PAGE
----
Here’s another example of the changes that have occurred over time on the Isle of Man. This time it’s views of Douglas Bay. The first photo was taken in about 1860 (I think). It’s a bit difficult to see, but at that time the promenade on the seafront, with its frontage of boarding houses, did not exist.
This second (hand coloured) photo must have been taken after 1892, but before 1913, because by this time the promenade and boarding houses are visible (built in 1878), and the Victoria pier is in place (opened in 1892), while the Villa Marina (in the estate in the middle of the seafront, just to the right of the first row of boarding houses) looks to be the original private house. By 1913, the house had been demolished and the Villa Marina concert hall had been completed and opened to the public.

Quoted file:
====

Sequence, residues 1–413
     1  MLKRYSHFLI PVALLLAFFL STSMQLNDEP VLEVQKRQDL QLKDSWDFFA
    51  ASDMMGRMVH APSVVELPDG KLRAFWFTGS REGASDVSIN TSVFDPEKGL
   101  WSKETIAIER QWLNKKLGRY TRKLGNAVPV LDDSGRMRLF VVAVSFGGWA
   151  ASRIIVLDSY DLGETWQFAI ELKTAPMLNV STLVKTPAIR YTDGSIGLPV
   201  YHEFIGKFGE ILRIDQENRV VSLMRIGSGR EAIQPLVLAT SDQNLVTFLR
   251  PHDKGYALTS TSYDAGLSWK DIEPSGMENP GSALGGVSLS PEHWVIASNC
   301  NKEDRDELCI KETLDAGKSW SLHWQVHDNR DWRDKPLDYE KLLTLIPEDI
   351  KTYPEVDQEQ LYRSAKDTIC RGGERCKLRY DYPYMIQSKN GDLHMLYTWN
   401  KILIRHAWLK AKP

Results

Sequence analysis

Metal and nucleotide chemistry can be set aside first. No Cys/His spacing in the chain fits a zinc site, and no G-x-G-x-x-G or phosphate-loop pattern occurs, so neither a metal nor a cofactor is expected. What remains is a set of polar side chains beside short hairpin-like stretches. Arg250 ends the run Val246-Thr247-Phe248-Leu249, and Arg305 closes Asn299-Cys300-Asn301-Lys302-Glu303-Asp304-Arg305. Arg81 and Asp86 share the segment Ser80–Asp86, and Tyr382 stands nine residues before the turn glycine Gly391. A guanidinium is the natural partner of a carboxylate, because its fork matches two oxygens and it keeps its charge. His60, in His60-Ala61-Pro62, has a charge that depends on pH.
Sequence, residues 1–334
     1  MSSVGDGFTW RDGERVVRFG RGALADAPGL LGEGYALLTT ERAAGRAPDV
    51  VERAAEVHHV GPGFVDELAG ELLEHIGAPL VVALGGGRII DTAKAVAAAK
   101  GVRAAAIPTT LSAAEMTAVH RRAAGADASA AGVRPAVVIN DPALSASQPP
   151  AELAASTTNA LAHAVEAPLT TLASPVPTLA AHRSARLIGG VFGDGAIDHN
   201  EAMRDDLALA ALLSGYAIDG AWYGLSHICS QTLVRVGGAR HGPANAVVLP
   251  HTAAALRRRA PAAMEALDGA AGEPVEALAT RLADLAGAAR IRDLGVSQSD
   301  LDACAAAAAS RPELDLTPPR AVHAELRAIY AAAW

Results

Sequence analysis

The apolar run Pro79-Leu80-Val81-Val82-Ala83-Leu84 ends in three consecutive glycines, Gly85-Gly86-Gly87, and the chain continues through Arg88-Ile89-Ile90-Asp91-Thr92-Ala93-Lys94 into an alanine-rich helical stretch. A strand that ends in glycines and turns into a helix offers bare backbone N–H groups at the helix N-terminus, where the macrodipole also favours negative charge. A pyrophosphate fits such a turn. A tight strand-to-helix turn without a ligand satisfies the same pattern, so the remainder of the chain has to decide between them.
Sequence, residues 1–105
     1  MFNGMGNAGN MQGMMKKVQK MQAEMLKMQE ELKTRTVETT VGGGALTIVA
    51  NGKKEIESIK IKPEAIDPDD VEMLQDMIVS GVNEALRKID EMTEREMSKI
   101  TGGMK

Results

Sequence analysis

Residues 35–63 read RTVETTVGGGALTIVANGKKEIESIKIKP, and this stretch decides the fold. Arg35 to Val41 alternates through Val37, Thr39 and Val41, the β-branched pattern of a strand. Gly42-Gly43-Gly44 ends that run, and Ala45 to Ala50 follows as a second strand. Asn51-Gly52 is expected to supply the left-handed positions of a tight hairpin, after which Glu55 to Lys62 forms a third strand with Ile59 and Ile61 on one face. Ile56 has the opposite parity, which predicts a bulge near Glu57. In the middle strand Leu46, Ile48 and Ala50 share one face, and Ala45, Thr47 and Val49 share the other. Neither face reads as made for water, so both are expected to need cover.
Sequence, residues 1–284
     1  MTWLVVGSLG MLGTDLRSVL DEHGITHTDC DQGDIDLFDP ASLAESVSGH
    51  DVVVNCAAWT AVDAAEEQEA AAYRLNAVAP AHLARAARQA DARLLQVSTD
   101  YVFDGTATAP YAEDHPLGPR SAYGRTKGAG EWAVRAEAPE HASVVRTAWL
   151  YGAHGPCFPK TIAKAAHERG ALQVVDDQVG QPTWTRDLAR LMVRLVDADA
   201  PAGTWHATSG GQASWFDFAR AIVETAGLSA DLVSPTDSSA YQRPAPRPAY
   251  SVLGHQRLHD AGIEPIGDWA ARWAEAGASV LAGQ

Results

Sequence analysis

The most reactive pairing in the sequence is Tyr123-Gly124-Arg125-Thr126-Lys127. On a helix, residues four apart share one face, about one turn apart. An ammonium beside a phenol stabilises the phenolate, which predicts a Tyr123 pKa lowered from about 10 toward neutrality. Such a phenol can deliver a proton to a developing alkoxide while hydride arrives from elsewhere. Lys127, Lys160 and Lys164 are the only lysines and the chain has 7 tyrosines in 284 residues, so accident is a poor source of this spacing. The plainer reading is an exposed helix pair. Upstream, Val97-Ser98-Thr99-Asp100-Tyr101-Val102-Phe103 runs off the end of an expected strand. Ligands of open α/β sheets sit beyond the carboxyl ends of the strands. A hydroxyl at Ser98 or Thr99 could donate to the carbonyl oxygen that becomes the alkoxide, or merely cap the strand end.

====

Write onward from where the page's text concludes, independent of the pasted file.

And here’s a photo that I took from a similar standpoint on Douglas Head in 2005.
Moving a little way along Douglas Head, and back in time to the early 1900s, this coloured postcard shows the funicular railway that used to run from near the base of the cliff up to the top.
Nothing remains of the railway now, as it was dismantled in 1954. By the way, you can see from the number of passenger steamers docked at the Victoria Pier just how popular the Island was as a tourist destination at that time, as these postcards illustrate: